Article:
Tuesday, 23 October 2012

The first English translation of The History, by Michael Attaleiates

The History gets a standard Dumbarton Oaks cover.
This June, I did something out of character; I pre-ordered a book. I can't blame this one on somatosensory disruption during the summer's transit of Venus (next due in December 2117); rather, during a habitual search, Amazon surprised me with a result for Michael Attaleiates, the 11th century Byzantine author - the first ever English translation of The History.

I'd noticed Attaleiates fleetingly referred to in a rapidly disintegrating copy of Norwich's excellent primer A Short History of Byzantium, as well as sites dotted around the web;  I was especially keen to read his History after Michael Psellos' Fourteen Byzantine Rulers, for a perspective of the perilous situation in the east less sanitised by a scholarly lifetime in the Imperial court.

Unlike Psellos, Attaleiates was a first hand witness to no less than three campaigns, including the disaster at Mantzikert. He writes with a pace that lends a sense of the pandemonium of those years; lofty Atticisms are eschewed for an unflinching and detailed account of the visceral brutalities of war and civil upheaval - the shameful blinding of Romanos Diogenes being a notably excruciating passage. 

As in Anna Comnena's later Alexiad, much of the content concerns the extreme dangers in the eastern Themes, made all the more unsettling to read as nomadic hoards of human effluent bring their savagery ever westward. Remarking on the devastation wrought in one passage, Attaleiates notes the distance markers as the only indication of what had once been Imperial territory. As witness to the empire's internal strife, power struggles, revolts and insurrections, he does not neglect the suffering of the ordinary populace, and lambasts the ruling classes for their pusillanimity;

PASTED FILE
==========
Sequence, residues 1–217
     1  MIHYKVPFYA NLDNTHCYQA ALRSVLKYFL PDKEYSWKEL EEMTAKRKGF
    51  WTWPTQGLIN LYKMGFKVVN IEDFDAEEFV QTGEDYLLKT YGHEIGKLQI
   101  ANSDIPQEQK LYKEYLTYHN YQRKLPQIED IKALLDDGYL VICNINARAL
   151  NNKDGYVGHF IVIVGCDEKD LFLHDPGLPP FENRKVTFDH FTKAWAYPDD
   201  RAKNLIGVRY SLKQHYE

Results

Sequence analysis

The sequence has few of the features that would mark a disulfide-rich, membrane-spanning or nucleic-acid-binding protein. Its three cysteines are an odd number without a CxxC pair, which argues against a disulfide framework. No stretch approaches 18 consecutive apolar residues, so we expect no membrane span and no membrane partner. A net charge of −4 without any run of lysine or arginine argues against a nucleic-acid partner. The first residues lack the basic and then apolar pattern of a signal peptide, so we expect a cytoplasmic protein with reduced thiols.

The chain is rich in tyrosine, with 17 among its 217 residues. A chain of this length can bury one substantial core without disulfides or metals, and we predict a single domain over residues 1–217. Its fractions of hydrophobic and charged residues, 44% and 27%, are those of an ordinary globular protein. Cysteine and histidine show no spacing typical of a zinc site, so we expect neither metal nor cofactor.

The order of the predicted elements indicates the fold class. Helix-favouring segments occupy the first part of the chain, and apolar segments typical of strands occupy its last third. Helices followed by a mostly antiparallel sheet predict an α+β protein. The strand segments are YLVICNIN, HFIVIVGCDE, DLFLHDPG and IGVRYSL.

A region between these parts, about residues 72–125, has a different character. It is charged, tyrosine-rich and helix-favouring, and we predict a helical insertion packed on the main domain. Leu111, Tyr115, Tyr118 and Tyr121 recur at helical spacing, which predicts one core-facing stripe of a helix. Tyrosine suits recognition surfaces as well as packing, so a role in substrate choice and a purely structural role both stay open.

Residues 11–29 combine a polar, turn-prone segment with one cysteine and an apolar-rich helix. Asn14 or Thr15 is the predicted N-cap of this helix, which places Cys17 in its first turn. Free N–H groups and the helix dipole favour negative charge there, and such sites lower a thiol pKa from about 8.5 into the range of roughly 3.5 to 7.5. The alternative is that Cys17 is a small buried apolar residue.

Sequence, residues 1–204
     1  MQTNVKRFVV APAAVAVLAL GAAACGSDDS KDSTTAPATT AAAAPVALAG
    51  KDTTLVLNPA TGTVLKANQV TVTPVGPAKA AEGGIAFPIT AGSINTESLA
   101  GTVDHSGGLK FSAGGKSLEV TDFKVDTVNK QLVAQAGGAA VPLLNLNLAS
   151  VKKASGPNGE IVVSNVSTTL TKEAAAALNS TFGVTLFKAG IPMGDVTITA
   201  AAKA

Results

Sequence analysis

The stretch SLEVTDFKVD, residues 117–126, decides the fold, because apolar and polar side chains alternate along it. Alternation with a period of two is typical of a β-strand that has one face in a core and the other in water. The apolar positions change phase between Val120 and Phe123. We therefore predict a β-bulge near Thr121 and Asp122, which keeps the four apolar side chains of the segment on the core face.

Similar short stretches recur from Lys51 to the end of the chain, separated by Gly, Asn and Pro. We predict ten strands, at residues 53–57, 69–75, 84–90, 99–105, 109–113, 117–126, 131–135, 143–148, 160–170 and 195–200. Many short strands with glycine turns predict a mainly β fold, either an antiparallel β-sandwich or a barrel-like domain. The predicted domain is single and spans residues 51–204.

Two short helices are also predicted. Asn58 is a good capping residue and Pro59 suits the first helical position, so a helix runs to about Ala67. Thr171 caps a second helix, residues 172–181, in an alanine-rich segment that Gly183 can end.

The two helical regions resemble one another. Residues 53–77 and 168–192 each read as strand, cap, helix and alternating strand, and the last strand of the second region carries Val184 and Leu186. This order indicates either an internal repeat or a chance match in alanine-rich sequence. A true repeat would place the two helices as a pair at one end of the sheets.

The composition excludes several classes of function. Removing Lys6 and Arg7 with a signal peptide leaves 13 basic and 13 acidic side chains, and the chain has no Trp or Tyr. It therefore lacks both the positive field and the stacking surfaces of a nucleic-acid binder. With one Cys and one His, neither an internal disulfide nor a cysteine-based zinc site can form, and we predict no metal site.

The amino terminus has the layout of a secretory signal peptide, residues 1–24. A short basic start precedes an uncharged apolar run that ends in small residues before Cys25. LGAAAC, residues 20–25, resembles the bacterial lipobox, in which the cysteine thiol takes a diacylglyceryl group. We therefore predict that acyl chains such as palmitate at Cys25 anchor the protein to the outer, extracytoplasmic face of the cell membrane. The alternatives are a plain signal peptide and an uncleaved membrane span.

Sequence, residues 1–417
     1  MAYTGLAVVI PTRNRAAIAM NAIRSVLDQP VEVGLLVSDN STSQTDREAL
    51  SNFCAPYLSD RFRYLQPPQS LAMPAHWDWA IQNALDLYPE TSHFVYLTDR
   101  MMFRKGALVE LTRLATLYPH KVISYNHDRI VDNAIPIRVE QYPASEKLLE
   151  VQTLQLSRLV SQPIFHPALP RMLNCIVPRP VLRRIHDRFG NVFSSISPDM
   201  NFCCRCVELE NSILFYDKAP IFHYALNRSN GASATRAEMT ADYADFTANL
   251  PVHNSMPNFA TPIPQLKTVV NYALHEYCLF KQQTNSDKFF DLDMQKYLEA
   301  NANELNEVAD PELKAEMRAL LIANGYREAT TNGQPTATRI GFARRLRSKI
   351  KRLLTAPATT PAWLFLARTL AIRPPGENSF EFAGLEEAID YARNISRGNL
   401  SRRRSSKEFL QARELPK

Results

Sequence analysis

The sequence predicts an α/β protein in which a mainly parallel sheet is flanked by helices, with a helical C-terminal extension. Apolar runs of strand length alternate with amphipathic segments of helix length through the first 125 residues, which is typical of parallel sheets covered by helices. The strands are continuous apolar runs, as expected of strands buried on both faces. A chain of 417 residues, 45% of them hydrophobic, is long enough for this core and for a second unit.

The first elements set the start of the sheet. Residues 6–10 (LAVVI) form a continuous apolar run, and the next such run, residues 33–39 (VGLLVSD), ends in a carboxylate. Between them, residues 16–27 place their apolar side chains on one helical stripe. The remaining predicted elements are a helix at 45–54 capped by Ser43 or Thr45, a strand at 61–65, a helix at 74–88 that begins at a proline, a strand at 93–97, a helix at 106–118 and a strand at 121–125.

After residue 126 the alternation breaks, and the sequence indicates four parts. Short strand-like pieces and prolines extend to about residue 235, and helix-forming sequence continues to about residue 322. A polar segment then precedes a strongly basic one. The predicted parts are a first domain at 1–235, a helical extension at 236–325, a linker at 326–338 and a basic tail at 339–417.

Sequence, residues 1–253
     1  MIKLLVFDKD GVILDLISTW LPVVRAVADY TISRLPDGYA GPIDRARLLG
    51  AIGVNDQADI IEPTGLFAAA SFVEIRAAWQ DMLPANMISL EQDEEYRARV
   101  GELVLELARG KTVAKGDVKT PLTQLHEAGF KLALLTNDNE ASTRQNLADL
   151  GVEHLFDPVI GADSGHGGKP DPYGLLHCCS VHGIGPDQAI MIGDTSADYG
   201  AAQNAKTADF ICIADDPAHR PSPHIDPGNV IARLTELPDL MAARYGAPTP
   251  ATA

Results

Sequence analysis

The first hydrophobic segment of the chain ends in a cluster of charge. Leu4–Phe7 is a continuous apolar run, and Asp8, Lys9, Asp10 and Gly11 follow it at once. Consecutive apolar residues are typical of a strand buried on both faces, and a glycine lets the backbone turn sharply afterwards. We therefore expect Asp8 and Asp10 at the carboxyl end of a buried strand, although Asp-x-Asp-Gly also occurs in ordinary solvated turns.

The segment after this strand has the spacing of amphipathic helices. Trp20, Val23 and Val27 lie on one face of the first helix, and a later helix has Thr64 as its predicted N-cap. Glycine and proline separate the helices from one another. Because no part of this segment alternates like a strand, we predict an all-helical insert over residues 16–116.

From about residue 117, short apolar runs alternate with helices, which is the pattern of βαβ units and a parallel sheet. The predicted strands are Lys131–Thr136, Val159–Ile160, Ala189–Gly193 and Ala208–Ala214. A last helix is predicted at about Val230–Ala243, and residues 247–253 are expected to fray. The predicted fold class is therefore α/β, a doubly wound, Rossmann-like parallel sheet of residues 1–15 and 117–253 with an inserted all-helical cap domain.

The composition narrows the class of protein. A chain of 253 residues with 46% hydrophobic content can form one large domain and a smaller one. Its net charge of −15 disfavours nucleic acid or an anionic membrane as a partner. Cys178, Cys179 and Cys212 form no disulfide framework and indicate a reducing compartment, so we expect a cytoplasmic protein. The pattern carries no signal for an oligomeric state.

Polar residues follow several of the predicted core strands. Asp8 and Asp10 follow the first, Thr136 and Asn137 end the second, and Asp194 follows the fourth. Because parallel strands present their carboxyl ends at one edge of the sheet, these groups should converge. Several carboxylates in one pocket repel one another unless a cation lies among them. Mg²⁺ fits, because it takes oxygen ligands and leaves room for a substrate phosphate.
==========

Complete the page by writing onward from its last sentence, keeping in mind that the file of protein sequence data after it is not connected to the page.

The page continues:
"For we are pressed on all sides by the pangs of death, the Gothic and other most foul nations having prevailed over the entire east and west, preying on our simple mindedness and neglect, or, to speak more truthfully, on our impiety and madness, given that we rabidly fight against one another, our own countrymen, without restraint, showing contempt for death, but when it comes to wars with foreigners we are cowardly and unmanly, and appear to turn our backs to the enemy even before battle begins."

The ruling classes (with the prudent exception of the reigning emperor) are frequently criticised for their corruption and incompetence.

Somehow, in the intervening millennium, there has been no English translation of this work available. It comes as no surprise that Dumbarton Oaks is the publisher responsible for the first English edition, previous efforts including The Correspondence of Leo, Metropolitan of Synada and Syncellus, and Constantine Porphyrogenitos' De Administrando Imperio. 

This binding ought to hold up well. Note the always handy place marker.

This new volume - which after a slight delay, arrived at my door in mid October - continues in the style of Dumbarton Oak's previous publications, with the original 11th Century Greek text and English translation on opposing pages, background information on the author, translation notes, a glossary of terms, and even maps.  This is a sturdy and well made hardback, with stitched and glued folios. The increase in font size since the Administrando Imperio is very welcome, as is the addition of a handy stitched ribbon place marker.

Several maps are included for ease of reference.
'Kouropalates' - not organisers of the Imperial exercise classes.

In The History, Dumbarton Oaks have made accessible yet another excellent and affordable tome. I'm thoroughly enjoying - even marvelling at - the chance to read Attaleiates' own words, and recommend it as essential reading to any right thinking amateur Byzantinologist.

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